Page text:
San Sebastián Week 2 and Tortilla Española
YES I can blog again! I'm sorry it has taken so long but we still dont have wireless internet hooked up! Wow I have a lot to say its almost overwhelming, but bare with me. Brittany, Lexie and I have spent several hours sitting at an outdoor bar crowding our three laptops onto a tiny table to use their wi-fi (or "wee-fee" as they say it). These first two weeks in San Sebastián have been incredible. I am already in love with our apartment even though I feel like it was decorated by a ninety year old cat lady. It has three bedrooms, a bathroom, a tiny kitchen and tiny living room, but its home :) Since moving into our little flat I have learned SO much more about the city. The above photo is the view from our living room window. I continue to be charmed by the number of people sitting at the bars below us each and every day for their afternoon sangria or glass of wine.
Naturally, I've done a significant amount of food investigation since I've been here. Tapas, or pinxtos (peen-chos) in basque, are by far the main dining option in San Sebastián and all over Spain. Pinxtos are small bites that are sold cold at the bar of a restaurante or ordered warm from the kitchen. Originally, the pinxtos tradition was invented to keep people from getting drunk as they hopped from bar to bar throughout the night. Now, San Sebastián is known for its delicious bars and restaurants that offer the small savory dishes.
Among the seemingly endless amount of bars and restaurants there is a surprising number of Turkish "Doner" Kebab places. We discovered these kebobs early on and have since compared them to a New York hot dog stand because of their presence on every other street corner. These aren´t the same kebabs that we are used to back home (see Chili Chicken Mango Kebabs). These kebobs are different and they´re awesome. The chicken is topped with lettuce, a spicy red sauce, and creamy white yogurt sauce that makes it sloppy to eat but well worth the mess and pile of napkins. However, I took a peek into the kitchen of one of the kebab places only to discover that the chicken is shaved from a large mass of chicken parts somehow glued together and spinning vertically on a spit. Questionable. But delicious nonetheless. My recommendation to anyone who visits Spain would be to try the kebab, but forego watching them prepare it.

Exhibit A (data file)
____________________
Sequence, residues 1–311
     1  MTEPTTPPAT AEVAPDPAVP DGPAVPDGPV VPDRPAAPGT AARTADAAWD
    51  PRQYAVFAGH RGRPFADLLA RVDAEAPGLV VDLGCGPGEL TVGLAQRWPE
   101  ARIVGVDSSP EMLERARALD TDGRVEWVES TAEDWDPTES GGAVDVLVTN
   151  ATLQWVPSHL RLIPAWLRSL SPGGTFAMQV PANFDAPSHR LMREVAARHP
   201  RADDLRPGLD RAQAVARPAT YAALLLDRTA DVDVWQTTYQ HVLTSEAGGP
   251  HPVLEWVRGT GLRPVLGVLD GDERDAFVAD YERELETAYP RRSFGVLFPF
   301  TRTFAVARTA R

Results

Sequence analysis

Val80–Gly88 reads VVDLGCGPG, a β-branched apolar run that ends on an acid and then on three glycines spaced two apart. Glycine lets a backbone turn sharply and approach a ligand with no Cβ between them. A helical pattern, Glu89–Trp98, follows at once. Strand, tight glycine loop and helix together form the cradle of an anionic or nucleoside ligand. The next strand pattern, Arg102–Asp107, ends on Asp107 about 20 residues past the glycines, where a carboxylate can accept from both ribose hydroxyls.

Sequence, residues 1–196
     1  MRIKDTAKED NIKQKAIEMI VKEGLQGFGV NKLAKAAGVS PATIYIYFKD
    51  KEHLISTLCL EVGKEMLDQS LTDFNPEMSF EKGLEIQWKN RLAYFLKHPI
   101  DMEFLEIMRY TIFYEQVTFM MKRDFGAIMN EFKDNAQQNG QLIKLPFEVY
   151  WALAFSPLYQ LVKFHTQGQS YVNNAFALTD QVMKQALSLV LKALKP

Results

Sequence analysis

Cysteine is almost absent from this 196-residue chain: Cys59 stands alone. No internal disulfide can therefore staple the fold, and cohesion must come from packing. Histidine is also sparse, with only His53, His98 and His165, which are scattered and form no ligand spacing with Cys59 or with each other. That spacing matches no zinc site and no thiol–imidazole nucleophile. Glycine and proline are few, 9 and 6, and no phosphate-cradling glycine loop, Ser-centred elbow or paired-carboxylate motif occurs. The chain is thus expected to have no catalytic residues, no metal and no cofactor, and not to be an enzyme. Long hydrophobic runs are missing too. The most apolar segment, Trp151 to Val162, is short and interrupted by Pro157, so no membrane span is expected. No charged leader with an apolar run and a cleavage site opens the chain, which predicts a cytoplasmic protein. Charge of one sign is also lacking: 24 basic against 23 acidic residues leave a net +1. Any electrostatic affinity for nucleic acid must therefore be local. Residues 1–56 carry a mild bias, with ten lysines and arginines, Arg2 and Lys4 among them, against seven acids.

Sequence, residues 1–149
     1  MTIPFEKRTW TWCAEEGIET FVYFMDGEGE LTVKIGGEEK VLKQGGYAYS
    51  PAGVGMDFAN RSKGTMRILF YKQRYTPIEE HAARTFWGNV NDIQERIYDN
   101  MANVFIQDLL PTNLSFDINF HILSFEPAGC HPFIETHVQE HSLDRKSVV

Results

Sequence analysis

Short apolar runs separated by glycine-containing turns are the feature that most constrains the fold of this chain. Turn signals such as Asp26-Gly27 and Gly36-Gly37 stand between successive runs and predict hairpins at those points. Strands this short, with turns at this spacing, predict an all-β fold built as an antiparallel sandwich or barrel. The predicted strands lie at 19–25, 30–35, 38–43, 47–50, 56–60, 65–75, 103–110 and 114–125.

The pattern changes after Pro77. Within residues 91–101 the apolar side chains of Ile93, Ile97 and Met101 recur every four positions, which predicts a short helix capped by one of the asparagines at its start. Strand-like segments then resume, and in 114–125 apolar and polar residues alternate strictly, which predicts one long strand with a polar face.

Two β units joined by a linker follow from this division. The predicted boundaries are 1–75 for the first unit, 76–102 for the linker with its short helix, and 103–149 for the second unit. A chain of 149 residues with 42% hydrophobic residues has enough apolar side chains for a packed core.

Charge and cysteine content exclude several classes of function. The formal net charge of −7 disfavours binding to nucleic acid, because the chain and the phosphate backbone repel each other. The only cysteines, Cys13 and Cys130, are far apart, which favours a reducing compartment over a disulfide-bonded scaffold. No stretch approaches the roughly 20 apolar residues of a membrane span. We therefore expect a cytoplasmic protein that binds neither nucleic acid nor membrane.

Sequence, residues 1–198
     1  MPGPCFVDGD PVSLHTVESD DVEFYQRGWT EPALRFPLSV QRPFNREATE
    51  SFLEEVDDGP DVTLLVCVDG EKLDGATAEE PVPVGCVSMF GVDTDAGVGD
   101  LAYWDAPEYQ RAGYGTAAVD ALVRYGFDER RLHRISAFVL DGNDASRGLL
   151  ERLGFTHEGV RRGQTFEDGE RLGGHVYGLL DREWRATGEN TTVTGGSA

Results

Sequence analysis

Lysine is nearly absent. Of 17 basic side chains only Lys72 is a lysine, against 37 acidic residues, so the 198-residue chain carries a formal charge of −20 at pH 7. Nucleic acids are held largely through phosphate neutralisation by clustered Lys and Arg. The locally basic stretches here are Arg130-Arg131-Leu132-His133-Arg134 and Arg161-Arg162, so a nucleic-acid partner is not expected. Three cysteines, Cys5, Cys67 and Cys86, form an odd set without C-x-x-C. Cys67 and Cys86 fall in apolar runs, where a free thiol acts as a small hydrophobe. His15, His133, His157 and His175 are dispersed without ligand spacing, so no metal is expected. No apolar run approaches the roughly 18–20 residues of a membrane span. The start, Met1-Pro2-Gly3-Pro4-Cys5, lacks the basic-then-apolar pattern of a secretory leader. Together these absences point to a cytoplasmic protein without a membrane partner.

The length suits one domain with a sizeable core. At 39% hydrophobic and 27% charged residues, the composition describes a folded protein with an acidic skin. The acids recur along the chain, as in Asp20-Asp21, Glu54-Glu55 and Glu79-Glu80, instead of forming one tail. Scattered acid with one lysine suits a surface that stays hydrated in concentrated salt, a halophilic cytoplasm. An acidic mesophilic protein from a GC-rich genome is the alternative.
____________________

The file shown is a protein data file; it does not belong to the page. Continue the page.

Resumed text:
Another popular dessert item around here is called Dulce de Membrillo which is literally a brick of quince jelly. Quince is a fruit that is basically hybrid between an apple and a pear. Dulce de Membrillo is sticky, dark orange in color and as you can see, does not look especially appetizing. The texture is like a combination of apple sauce and Jell-O, the taste can be described as such as well. If you´ve ever eaten those fruit leather snacks as a kid, you get the gist.